Degree Name

Doctor of Philosophy


School of Management, Operations and Marketing


Purpose: This thesis addresses a gap in the current literature by investigating the relationship between, and the influence of employee wellbeing (EWB) variables, i.e. subjective, psychological, and workplace wellbeing on organizational citizenship behaviour (OCB). Specifically, it looks at the citizenship behaviours of nurses, and allied health professionals towards their clients, teammates, and organization. OCB of health- care professionals is important because it influences job satisfaction, reduces burnout, and turnover; and influences unit level consequences such as quality of care, patient satisfaction, and patient loyalty. Further, this study proposes a modified, and expanded conceptual framework of EWB, which involves both the hedonic and the eudemonic approaches in life, and at work.

Design/Methodological Approach: In a cross-sectional questionnaire design, data were collected from 201 health care professionals at the psychiatric hospitals of two private chains in New South Wales and through social media in Australia using convenience sampling. The study used partial least square structural equation modelling (PLS-SEM) to confirm the reliability and validity of the reflective exogenous measures (i.e. subjective, psychological, and workplace wellbeing variables) and the reflective endogenous measures (i.e. the three variables of OCB towards client, teammates, and organization). The inner structural model is used to examine the extent to which the hypotheses of this study are accepted or rejected.

Findings: The study revealed that nine out of thirteen hypotheses are accepted. Subjective wellbeing (SWB) had a significant relationship with citizenship behaviours towards the organization (OCBO). Psychological wellbeing (PWB) had a positive influence on citizenship behaviours towards clients (OCBIc) and teammates (OCBIt); whereas workplace wellbeing (WWB) influenced citizenship behaviours towards teammates (OCBIt) and the organization (OCBO). Moreover, EWB, i.e., all three wellbeing variables taken together, explained the 8.5% variance in OCBIc, 16.7% variance in OCBIt, and 11.3 % variance in OCBO, respectively. Further, SWB influenced only OCBO; PWB influenced both, OCBIc and OCBIt; whilst, WWB influenced only OCBIt and OCBO significantly. The variances were modest, however, given that citizenship behaviours are complex; even a small variance is deemed significant. Of the EWB predictors, the effect of PWB is moderate but strongest on OCBIt. Overall, the findings in this study point to the importance of EWB variables in augmenting the citizenship behaviours of nurses and allied health professionals.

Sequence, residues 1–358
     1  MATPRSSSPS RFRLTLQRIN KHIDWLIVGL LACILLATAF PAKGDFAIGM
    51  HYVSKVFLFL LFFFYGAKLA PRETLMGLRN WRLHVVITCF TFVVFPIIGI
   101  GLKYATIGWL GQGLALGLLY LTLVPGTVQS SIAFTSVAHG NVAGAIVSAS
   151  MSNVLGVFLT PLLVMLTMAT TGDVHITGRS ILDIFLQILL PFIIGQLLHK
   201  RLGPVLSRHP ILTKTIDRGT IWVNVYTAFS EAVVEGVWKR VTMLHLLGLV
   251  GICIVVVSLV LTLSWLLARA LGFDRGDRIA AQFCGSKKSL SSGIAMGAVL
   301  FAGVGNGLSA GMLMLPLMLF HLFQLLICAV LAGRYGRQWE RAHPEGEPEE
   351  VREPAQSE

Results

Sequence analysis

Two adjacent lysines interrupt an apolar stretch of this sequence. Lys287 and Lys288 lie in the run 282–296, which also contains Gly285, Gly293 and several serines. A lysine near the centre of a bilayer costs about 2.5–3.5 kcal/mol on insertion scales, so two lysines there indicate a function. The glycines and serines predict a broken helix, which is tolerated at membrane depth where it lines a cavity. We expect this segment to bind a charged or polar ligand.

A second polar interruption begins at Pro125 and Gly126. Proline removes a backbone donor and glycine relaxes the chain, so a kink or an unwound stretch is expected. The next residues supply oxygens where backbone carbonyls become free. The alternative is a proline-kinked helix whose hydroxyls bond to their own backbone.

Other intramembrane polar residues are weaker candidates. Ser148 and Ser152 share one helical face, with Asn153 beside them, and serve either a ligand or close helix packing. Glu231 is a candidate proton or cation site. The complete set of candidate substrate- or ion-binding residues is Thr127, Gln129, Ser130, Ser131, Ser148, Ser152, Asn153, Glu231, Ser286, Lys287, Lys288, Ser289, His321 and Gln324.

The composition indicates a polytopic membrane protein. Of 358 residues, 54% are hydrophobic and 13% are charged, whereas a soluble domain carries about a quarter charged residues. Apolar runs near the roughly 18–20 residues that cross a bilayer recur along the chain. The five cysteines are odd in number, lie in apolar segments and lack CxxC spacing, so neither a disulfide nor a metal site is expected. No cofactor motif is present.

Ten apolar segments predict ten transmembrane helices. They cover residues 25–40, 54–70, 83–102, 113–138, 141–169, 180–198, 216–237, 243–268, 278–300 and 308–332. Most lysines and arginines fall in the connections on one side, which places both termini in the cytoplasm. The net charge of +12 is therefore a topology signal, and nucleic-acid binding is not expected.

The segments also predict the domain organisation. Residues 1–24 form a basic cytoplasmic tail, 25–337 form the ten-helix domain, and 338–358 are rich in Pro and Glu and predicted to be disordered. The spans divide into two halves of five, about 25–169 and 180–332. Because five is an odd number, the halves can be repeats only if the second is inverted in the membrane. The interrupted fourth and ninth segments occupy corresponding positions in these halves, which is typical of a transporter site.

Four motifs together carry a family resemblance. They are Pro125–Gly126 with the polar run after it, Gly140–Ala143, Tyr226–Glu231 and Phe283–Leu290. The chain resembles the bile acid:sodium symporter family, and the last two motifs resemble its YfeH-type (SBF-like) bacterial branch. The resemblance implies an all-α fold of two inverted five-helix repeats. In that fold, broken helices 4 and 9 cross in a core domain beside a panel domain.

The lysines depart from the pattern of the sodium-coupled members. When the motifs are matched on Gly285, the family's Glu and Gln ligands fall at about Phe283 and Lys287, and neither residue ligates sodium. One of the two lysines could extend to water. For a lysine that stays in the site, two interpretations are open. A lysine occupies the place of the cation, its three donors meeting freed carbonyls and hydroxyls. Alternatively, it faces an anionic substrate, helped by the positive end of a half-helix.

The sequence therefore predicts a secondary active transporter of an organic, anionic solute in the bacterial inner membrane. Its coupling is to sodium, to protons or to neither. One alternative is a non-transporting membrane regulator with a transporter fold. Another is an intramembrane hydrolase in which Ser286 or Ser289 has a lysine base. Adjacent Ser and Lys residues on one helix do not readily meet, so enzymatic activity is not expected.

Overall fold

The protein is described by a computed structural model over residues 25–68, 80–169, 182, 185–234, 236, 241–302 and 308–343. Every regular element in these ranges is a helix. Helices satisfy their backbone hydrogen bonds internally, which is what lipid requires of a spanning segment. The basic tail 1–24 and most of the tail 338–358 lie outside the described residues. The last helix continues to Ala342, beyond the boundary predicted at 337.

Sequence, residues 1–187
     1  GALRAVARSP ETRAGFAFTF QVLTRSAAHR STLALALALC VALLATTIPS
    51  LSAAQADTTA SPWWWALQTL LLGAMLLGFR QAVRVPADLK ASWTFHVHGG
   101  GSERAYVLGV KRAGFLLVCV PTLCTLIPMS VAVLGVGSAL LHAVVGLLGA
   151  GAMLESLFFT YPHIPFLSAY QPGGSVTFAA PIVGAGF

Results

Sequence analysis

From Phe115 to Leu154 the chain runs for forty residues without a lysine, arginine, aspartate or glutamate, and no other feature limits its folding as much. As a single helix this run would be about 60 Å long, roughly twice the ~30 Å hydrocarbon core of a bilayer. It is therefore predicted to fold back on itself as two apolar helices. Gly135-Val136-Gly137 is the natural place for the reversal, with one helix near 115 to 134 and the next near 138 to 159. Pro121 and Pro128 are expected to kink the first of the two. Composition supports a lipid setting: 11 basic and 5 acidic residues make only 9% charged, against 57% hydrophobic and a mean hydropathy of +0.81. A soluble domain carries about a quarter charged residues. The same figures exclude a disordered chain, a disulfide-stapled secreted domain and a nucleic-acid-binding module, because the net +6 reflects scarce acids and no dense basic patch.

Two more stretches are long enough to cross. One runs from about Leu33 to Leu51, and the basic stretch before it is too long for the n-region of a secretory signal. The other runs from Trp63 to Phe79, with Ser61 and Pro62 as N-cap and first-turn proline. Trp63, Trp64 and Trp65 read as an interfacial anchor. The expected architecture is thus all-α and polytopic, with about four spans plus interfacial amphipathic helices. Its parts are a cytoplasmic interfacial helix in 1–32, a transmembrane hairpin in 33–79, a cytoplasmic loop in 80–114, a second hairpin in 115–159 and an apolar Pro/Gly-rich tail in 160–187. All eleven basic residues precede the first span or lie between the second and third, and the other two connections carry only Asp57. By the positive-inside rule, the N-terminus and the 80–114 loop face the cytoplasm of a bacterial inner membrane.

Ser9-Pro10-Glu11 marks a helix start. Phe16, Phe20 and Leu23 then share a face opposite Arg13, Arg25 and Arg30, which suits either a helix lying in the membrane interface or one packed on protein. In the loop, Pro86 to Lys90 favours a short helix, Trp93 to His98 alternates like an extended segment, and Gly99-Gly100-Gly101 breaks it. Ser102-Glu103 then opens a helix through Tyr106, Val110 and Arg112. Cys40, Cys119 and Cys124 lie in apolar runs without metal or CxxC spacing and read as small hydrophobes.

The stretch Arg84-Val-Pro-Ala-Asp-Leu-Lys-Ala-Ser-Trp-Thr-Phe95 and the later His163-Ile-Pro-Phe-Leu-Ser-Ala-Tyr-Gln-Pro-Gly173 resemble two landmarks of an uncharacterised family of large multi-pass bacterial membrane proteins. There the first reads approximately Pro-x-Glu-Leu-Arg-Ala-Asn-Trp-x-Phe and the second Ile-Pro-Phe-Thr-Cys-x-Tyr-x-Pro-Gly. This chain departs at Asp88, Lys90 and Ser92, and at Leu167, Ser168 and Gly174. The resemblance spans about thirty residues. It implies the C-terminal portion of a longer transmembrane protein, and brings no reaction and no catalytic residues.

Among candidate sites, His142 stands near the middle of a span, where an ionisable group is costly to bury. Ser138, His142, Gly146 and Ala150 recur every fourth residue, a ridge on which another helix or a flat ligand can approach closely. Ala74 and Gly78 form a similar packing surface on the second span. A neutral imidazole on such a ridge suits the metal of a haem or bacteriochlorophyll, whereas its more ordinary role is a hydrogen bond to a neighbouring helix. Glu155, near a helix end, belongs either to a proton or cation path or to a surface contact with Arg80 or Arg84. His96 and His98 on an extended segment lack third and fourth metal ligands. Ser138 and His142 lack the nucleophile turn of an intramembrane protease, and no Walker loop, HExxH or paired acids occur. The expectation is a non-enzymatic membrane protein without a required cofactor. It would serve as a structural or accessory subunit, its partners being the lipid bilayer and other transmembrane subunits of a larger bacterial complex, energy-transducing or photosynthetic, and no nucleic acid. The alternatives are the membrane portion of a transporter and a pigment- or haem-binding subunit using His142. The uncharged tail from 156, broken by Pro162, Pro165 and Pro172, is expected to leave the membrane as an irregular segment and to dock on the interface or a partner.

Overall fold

Contributions: This study makes an advancement in the antecedent literature of OCB. Specifically, it empirically clarifies the respective role of the three types of employee wellbeing antecedents in citizenship behaviours of health professionals towards individuals (clients and teammates) and organization. This study also makes theoretical contributions to the OCBI-OCBO framework, OCBI (towards clients) literature in health care, and in modifying the EWB framework of Page & Vella-Brodrick.

Practically, the findings provide insights for human resources (HR) departments in organizations into how the wellbeing variables of nurses and allied health professionals augment valuable citizenship performances. In that way, the findings show how wellbeing programs should be effectively integrated into HR policies to enhance the OCBs of the health professionals towards individuals and the organization. The domino effects of the findings in this study have implications for a positive work culture and advantageous competitive edge for health sectors in Australia.

Limitations and Future Directions: The findings are based on a convenient sample of 201 nurses and allied health professionals in Australia, and therefore raise generalizability issues. As the study is a cross-sectional design, the influence of the employee wellbeing conditions may not be able to be captured effectively in the long run. This study did not investigate moderators and mediators in the relationship between EWB and OCB, which could be a future research project. In addition, further research could examine specific dimensions of PWB, other than autonomy and purpose in life in the health profession. The clarified construct of EWB in this study can be developed as a comprehensive scale and be validated on a large scale across countries. Most importantly, there is need for the development and validation of a specific OCB scale for health professionals.



Unless otherwise indicated, the views expressed in this thesis are those of the author and do not necessarily represent the views of the University of Wollongong.